Sometime I use the light colors like BV0000 as the base color. As a matter of fact, the color of skin is determined by the color of the lighting at that time, so I’m choosing the most appropriate color as the situation demands.
(*CM2: The color from discontinued “Comic Marker”)
— Why did you choose gray from the T color family, despite there are other choices such as C, N and W grays?
I know the W grays are popular, but I’m not a big fan of them. The T grays bring a certain level of reality to my work as time goes along and that’s what I like about it.
— Please tell me if there’s something you’re using as a reference for your work.
Sometimes I check the magazines to get the ideas for poses and clothes of a character in my illustration, but I never trace the image as it is. I’m always adding my own individual interpretation.
Also I often exaggerate the pose of a character to convey the situation properly as much as possible. Even if it looks unrealistic, that kind of adjustment is necessary sometimes!
— It seems you’re not using the techniques like color blending or gradation.
I want to make my illustrations realistic basically, but if I add shadows using many colors, it will end up too realistic like a photograph.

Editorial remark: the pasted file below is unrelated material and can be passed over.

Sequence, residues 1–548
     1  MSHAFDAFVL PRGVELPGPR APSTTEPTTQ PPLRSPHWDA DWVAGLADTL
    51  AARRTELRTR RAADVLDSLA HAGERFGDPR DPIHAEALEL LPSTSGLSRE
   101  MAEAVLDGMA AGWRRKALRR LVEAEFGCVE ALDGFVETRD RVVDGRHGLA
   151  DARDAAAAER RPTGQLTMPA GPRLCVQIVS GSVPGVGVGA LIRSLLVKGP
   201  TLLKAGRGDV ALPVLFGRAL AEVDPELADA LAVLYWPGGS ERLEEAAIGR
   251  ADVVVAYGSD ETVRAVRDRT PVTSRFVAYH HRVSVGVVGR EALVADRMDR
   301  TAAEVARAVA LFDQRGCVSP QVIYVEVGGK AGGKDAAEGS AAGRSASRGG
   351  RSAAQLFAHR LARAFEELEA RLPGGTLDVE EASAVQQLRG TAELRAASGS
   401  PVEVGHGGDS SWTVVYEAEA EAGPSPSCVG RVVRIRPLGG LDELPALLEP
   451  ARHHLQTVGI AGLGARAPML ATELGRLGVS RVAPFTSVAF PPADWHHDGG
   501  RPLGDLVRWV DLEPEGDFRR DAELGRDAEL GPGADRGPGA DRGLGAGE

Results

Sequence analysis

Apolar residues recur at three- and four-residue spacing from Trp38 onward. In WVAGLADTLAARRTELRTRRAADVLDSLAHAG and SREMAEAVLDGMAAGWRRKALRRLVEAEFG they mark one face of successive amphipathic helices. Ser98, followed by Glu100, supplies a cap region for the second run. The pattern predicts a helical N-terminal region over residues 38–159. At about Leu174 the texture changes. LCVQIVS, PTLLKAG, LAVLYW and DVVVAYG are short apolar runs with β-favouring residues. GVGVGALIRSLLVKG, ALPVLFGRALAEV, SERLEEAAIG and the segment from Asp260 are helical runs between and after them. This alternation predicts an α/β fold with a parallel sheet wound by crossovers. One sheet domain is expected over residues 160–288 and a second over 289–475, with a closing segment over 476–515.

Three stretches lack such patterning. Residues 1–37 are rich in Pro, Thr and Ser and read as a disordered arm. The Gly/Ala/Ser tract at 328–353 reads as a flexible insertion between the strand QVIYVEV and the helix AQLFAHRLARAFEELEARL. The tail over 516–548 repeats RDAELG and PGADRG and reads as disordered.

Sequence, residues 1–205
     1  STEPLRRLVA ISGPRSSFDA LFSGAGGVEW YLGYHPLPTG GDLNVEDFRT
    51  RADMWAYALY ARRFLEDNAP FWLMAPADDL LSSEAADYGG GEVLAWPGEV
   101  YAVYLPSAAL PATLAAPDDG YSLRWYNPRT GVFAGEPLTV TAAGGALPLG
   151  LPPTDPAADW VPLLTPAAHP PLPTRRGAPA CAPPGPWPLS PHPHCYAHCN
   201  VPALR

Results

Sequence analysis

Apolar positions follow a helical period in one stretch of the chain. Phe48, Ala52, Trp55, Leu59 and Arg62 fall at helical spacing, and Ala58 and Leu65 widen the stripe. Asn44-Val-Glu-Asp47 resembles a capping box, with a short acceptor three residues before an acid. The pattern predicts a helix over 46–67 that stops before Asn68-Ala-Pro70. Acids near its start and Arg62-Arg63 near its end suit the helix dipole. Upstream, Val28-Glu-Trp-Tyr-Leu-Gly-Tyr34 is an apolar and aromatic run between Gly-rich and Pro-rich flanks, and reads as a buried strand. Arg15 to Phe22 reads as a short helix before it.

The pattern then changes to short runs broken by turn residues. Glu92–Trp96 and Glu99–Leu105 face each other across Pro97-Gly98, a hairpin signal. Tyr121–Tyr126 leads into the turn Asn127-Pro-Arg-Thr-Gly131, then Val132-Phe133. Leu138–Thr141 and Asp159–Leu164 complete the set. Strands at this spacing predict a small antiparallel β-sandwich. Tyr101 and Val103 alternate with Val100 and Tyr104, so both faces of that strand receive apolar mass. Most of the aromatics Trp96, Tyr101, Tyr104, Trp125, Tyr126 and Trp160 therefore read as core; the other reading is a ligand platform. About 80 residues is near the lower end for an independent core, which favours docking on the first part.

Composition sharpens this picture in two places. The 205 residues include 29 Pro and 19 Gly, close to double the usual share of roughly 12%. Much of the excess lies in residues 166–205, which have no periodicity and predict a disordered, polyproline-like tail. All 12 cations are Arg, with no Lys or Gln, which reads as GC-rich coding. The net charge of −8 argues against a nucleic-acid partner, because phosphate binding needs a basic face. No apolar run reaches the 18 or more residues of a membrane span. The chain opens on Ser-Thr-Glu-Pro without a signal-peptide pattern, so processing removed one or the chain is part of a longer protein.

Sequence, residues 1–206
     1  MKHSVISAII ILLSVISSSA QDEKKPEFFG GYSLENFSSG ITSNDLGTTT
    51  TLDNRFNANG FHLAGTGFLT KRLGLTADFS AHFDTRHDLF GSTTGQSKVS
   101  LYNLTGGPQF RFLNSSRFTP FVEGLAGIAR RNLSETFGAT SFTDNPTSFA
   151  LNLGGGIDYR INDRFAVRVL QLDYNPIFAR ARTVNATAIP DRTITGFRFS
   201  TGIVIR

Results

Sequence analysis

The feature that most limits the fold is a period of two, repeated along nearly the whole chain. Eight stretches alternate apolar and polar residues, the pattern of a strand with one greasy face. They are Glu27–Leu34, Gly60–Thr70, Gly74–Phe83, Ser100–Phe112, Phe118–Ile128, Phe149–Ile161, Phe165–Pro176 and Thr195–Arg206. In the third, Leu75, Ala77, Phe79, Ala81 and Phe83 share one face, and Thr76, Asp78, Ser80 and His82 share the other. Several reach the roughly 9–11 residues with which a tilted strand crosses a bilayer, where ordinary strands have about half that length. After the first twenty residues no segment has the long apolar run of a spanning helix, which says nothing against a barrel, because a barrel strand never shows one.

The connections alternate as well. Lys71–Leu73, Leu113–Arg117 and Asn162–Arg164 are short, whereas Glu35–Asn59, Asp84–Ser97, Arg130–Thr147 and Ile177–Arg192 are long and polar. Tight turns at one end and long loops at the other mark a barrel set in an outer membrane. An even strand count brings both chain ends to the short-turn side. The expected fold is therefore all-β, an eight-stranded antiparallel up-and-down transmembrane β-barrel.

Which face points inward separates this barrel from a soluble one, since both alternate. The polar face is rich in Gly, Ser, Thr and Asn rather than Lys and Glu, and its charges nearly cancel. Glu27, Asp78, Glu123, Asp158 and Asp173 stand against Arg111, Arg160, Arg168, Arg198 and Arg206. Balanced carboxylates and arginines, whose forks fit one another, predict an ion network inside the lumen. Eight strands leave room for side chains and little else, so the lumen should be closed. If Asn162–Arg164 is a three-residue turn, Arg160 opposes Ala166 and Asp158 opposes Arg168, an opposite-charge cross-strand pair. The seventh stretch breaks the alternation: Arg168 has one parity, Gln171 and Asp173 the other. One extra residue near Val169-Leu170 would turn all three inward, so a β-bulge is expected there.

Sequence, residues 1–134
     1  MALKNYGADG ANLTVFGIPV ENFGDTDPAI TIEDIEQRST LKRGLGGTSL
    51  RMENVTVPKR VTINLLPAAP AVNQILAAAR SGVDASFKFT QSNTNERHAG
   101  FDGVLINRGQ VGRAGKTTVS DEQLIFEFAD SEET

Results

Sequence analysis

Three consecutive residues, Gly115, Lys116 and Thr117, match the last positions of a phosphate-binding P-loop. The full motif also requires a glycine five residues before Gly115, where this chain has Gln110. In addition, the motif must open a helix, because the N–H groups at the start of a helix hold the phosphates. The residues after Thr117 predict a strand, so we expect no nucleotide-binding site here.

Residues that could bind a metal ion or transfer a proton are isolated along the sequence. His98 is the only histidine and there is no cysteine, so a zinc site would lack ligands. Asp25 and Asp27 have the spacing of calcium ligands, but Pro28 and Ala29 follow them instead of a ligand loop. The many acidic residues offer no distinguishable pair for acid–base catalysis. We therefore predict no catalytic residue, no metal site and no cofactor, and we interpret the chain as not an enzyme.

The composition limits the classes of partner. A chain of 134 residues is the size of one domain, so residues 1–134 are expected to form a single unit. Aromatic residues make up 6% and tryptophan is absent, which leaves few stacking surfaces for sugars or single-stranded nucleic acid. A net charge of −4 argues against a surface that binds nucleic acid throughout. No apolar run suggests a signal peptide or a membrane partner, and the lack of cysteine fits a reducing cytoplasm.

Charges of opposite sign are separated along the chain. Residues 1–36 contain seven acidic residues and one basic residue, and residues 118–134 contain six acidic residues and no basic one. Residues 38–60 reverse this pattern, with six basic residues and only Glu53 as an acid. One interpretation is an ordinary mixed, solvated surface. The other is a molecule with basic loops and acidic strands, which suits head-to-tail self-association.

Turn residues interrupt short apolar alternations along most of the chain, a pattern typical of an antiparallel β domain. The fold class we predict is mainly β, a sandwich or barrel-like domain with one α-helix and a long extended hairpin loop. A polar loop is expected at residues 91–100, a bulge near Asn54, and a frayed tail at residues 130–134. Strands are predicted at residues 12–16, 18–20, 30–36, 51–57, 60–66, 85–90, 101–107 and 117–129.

I’m trying to maintain a distinctive mood that only “illustration” has. So I prefer to give a three-dimensional appearance to my work by just adding the highlights – not adding shadows.
— Some of your illustrations have very detailed background. On the other hand, many of your works have only character is portrayed, no background.
It would be great if people are inspired by my work and make their own story of characters in a illustration, or imagine something may exist outside of frame. I don’t want to limit that possibility. That’s why I don’t give extra importance to the background so much. If too much information is contained in artwork, it becomes closer to a genre of manga, not illustration.
I care more about dynamics of lines. By softening up a contour of character partially, I can have a clear focus on the part that I really want to show.